President BidenJoe Biden White House: US has donated 200 million COVID-19 vaccines around the world Police recommend charges against four over Sinema bathroom protest K Street revenues boom MORE intends to sign a bill raising the debt ceiling for the short term after it passes Congress, the White House said Thursday.
“The President looks forward to signing legislation to raise the debt limit when it is passed by Congress,” White House deputy press secretary Karine Jean-PierreKarine Jean-PierreBiden sends 'best wishes' to Clinton following hospitalization The Hill's 12:30 Report - Presented by The Conference of Presidents of Major Italian American Organizations - US opens to vaccinated visitors as FDA panel discusses boosters Biden intends to sign short-term bill raising debt ceiling MORE said in a statement.
There had been some confusion earlier in the day when Jean-Pierre called the proposed deal to raise the debt ceiling a “positive step” but would not answer directly when asked if Biden would sign the bill.
Senate Majority Leader Charles SchumerChuck SchumerFixing Congress requires fixing how it legislates Beware the tea party of the left Bottom line MORE (D-N.Y.) finalized an agreement Thursday afternoon to hold up to four hours of debate on the bill. Those four hours will be followed by a procedural vote at 7:30 p.m., which will require 60 votes to end debate on the legislation.
The Senate will then move to voting on the bill itself if that hurdle is cleared.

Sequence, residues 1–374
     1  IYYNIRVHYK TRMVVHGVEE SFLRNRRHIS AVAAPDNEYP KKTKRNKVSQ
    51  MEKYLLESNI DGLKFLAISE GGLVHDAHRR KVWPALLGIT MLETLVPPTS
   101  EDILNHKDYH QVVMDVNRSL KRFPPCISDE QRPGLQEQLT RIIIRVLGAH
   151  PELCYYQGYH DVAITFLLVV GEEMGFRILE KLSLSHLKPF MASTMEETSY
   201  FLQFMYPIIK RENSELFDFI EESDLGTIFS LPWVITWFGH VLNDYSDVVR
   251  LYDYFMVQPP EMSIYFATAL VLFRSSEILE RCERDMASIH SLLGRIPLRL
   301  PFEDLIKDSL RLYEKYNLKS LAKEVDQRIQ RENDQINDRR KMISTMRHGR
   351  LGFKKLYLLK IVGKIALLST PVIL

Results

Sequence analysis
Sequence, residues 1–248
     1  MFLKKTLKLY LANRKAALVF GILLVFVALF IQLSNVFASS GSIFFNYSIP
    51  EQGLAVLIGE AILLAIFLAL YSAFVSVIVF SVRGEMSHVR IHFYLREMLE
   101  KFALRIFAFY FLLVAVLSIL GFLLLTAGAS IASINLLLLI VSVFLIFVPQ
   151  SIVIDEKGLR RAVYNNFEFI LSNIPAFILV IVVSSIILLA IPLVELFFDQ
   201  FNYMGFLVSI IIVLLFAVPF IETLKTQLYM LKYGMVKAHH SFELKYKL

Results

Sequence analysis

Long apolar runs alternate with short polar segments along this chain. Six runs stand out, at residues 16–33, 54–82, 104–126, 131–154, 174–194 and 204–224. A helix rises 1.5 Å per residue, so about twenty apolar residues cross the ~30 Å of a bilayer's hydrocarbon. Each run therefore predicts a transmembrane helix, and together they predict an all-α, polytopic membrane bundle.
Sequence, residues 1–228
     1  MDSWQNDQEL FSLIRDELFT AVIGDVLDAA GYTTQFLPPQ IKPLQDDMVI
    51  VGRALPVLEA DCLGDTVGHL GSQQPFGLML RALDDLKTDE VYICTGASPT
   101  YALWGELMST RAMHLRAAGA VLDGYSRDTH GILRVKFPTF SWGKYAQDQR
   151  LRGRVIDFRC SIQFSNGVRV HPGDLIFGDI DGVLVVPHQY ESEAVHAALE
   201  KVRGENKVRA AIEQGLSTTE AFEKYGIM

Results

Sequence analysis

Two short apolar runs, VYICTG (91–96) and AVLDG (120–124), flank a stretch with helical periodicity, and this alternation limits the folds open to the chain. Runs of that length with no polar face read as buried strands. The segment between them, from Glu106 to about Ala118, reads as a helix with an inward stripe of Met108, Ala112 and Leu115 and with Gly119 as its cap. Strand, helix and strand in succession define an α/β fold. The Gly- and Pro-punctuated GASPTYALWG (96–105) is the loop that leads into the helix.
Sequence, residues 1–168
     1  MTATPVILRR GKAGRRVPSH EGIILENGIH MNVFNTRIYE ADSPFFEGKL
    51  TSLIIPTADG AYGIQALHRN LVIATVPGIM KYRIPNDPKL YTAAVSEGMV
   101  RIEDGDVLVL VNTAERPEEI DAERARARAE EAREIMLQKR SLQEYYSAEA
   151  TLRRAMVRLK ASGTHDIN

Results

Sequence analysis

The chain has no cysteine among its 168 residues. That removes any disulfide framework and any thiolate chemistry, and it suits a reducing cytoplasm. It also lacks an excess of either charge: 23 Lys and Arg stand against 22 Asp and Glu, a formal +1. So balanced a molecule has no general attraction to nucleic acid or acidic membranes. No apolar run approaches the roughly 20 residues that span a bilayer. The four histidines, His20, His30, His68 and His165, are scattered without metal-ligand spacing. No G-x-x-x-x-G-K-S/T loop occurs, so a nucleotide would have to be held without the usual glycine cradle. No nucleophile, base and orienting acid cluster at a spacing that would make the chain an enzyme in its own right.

Under the agreement, the debt ceiling would increase by $480 billion. Congress would need to act again in early December.
Republicans had filibustered previous attempts by Democrats to suspend the debt ceiling, arguing that Democrats needed to use the budget reconciliation process to suspend or raise the debt ceiling because of their plans to pass a multitrillion-dollar "human infrastructure" bill through reconciliation.
However, Senate Minority Leader Mitch McConnellAddison (Mitch) Mitchell McConnellGOP blocks Senate Democrats' revised elections bill A politicized Supreme Court? That was the point The Hill's Morning Report - Presented by Uber - Democrats optimistic after Biden meetings MORE (R-Ky.) reached a deal with Schumer on the legislation to raise the debt ceiling in the short-term Thursday. Ten Republican senators will need to vote to end debate on the bill, and as of Thursday afternoon it was not clear that they had the votes.
Over the past several days, Biden has ratcheted up pressure on Republicans to support Democratic attempts to suspend the debt ceiling or otherwise “get out of the way.” On Wednesday, he invited bank CEOs and other business leaders to the White House to warn of the catastrophic risks of a default.
The White House indicated on Wednesday that the short-term bill was not ideal, with press secretary Jen PsakiJen PsakiRegional powers rally behind Taliban's request for humanitarian aid Cawthorn, Lee introduce bills banning interstate travel vaccine mandate Biden, Democrats risk everything unless they follow the Clinton pivot (they won't) MORE saying they didn’t want to “kick the can” on the debt ceiling.
Jean-Pierre said the White House viewed the deal positively on Thursday — a signal of a shift — and said the administration would follow Schumer’s lead.
It’s unclear when the bill will get to Biden’s desk. If the Senate votes as planned on Thursday evening, the measure will still need to be passed by the House, which is in recess.